Trustwave SpiderLabs Exposes Unique Cybersecurity Threats in the Public Sector. Learn More

Trustwave SpiderLabs Exposes Unique Cybersecurity Threats in the Public Sector. Learn More

Managed Detection & Response

Eliminate active threats with 24/7 threat detection, investigation, and response.

Co-Managed SOC (SIEM)

Maximize your SIEM investment, stop alert fatigue, and enhance your team with hybrid security operations support.

Advisory & Diagnostics

Advance your cybersecurity program and get expert guidance where you need it most.

Penetration Testing

Test your physical locations and IT infrastructure to shore up weaknesses before exploitation.

Database Security

Prevent unauthorized access and exceed compliance requirements.

Email Security

Stop email threats others miss and secure your organization against the #1 ransomware attack vector.

Digital Forensics & Incident Response

Prepare for the inevitable with 24/7 global breach response in-region and available on-site.

Firewall & Technology Management

Mitigate risk of a cyberattack with 24/7 incident and health monitoring and the latest threat intelligence.

Offensive Security
Solutions to maximize your security ROI
Microsoft Exchange Server Attacks
Stay protected against emerging threats
Rapidly Secure New Environments
Security for rapid response situations
Securing the Cloud
Safely navigate and stay protected
Securing the IoT Landscape
Test, monitor and secure network objects
Why Trustwave
About Us
Awards and Accolades
Trustwave SpiderLabs Team
Trustwave Fusion Security Operations Platform
Trustwave Security Colony
Technology Alliance Partners
Key alliances who align and support our ecosystem of security offerings
Trustwave PartnerOne Program
Join forces with Trustwave to protect against the most advance cybersecurity threats
SpiderLabs Blog

Injecting Magecart into Magento Global Config

At the beginning of June 2020, we were contacted about a breach of a website using the Magento framework that caused a leak of credit card numbers. A thorough analysis of the website identified the webpage’s footer had malicious code added to it.

Figure 1. Malicious Script Injected in the Footer Section of the Compromised Magento Webpage


We found that the Magento's cached CONFIG_GLOBAL_STORES_DEFAULT file also contains the same malicious code.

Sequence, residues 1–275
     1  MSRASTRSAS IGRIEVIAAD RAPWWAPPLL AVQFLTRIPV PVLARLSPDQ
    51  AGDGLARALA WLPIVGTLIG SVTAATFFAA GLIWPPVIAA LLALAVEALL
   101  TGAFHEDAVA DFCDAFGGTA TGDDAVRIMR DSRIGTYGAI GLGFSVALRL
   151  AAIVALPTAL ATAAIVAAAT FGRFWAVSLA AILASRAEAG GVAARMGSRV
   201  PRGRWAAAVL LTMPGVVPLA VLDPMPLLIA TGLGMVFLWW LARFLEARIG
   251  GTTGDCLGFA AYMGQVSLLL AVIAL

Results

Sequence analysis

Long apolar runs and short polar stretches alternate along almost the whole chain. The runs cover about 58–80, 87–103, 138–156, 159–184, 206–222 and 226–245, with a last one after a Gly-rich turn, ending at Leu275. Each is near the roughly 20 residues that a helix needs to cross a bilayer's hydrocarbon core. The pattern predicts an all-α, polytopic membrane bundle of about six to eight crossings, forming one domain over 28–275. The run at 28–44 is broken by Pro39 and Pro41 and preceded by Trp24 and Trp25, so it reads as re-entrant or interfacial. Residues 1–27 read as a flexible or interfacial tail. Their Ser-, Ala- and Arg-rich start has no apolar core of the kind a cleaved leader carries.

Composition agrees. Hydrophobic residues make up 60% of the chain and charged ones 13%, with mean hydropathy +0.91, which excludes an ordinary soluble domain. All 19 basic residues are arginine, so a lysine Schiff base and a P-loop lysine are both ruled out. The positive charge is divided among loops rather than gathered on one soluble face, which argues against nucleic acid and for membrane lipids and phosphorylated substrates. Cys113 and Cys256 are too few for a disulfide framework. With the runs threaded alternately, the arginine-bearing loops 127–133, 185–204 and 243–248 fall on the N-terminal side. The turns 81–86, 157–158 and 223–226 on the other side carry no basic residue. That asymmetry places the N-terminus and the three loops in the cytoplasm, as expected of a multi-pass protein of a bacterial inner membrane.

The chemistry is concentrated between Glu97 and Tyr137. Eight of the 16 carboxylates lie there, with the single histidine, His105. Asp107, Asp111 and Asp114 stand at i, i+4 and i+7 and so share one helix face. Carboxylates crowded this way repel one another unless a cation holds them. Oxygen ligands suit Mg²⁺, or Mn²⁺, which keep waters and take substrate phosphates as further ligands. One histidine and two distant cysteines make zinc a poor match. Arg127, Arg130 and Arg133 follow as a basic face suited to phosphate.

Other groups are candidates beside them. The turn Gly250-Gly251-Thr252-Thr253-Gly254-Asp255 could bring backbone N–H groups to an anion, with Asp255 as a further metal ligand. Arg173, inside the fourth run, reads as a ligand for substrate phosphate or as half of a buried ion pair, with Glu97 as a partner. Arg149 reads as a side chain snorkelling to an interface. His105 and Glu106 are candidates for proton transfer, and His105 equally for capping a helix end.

Figure 2. Magento configuration located at /var/cache within Magento installation directory was also infected


On the compromised web server, we also found an Adminer PHP file – a readily available tool used to remotely manage SQL databases such as MySQL. We will get back to this later on why the attacker used this tool.

Malicious Code Analysis

Before we proceed on how the malicious code got into the compromised webpage’s footer, let us first see what the malicious code does.

The malicious JavaScript code is a very long string, encapsulated inside a <div> HTML element tag starting with this code:

<div style="position:fixed;top:0;left:0;width:100%;height:100%;" onmouseover="(function (){MALICIOUS JAVASCRIPT TRUNCATED}..


Then a “style” attribute is used to define the <div> element’s position, with 100% width and 100% height. This means that the element covers the entire page's scale and that it will execute the malicious JavaScript once the mouse moves over the webpage.

Towards the end of the string you will see:

'var d1;d1 = eval('doc' + 'ument');d1.getElementById('qwe123').parentNode.removeChild(d1.getElementById('qwe123'))" id="qwe123"'

Below is a breakdown of this code:

var d1;
d1 = eval('document');

getElementById - This method returns the information from the element 'qwe123'
parentNode.removeChild - Returns the removed child node from the Document Object Model (DOM) tree but keeps it in the memory, which can will use later

This piece of code is used to hide itself by removing the whole <div> element encapsulating the malicious JavaScript, after the main malicious JavaScript is executed or attempting to conduct live analysis on the code via something like a browsers Dev mode.

The bulk of the rest of the code is highly obfuscated. But after de-obfuscating and prettifying the code, we can clearly see what the JavaScript does.